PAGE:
The effects of laminar and oscillatory fluid shear stress on microvascular endothelial cells
AdvisorLong, David S.
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Cardiovascular disease (CVD) is one of the most prevalent causes of death in the United States, being responsible for nearly one in every three deaths. Cellular mechanics related to CVD are often studied using human umbilical cord vein endothelial cells (HUVECs) and bovine aortic endothelial cells (BAECs). These studies have led to the understanding that atherosclerotic plaques prevalent in CVD are found in areas of low, disturbed shear stress where cells do not align to a direction of flow. This is the common assumption for endothelial cells across the cardiovascular system, although new research has shown this may not be the case. This study showcases the effects of fluid shear stress on human microvascular endothelial cells (HMEC-1s) originating in the dermis, those found in the vascular system measuring >100 μm in diameter. Utilizing the Ibidi fluidic pump system we cultured cells under laminar and oscillatory fluid shear conditions at a range of fluid shear values (5-15 dyne/cm2) over a time period of 24-72 hours. Images of the nuclei in each sample were stained with Hoechst 33258 and sampled at various time points throughout the studies. These images were segmented in ImageJ and analyzed for morphological changes in the area, perimeter, aspect ratio, major and minor axis, and angle of alignment. Results showed that over the course of 72-hours, there were no significant changes in nuclear morphology or alignment. Additionally, there was significant cell loss under oscillatory flow conditions that was not seen in the laminar study. From these results it may be concluded that these microvascular cells have developed an adaptation to resist morphological change due to exposure to fluid shear stress. While these results are preliminary, with one sample of each flow type, they are consistent with other literature regarding the effects of shear on brain microvascular cells. Future studies will analyze how chromatin structure is reorganized due to the fluid shear and how the cytoskeleton responds to fluid shear stress.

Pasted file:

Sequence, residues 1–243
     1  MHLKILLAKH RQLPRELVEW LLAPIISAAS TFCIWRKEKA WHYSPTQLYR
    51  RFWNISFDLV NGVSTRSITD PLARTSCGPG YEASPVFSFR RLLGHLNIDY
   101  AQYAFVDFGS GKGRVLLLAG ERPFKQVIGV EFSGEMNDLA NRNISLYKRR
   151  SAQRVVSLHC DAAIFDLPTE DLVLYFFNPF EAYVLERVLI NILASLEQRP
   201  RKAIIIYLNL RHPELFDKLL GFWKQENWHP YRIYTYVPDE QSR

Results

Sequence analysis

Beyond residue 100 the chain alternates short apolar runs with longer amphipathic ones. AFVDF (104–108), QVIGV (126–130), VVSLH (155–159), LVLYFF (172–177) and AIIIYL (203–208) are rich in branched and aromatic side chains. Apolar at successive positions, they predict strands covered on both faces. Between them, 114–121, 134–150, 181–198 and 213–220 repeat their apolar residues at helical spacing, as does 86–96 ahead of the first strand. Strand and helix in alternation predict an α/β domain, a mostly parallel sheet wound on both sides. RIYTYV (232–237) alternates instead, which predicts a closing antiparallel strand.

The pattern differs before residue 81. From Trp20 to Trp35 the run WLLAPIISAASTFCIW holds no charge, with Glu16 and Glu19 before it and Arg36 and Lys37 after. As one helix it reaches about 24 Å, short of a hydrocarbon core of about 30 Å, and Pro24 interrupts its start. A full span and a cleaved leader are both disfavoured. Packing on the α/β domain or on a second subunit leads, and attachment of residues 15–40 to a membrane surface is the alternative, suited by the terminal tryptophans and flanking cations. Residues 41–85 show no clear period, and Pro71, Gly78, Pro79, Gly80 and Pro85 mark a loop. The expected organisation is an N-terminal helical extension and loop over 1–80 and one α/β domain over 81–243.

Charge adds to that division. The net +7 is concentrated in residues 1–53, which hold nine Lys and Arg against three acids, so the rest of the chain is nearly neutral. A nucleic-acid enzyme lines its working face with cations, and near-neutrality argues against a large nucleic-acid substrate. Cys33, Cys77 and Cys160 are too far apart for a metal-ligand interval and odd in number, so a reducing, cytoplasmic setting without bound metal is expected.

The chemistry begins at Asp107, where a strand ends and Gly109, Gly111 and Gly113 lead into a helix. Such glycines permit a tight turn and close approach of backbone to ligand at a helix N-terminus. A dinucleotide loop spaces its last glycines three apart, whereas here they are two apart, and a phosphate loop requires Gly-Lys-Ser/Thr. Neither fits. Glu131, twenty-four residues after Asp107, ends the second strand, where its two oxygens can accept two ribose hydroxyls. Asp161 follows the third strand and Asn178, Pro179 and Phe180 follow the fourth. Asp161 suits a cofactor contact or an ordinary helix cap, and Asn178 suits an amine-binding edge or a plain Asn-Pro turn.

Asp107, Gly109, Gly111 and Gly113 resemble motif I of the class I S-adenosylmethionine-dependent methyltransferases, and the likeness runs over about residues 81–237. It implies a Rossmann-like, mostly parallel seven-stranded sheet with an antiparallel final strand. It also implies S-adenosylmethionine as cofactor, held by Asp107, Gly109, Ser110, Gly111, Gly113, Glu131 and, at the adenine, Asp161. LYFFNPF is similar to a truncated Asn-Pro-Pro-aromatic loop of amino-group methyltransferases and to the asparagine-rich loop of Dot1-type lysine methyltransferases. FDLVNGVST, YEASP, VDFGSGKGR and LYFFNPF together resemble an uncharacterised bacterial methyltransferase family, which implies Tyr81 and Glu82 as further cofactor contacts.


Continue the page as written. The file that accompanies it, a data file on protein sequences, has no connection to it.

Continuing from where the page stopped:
Thesis (M.S.)-- Wichita State University, College of Engineering, Dept. of Biomedical Engineering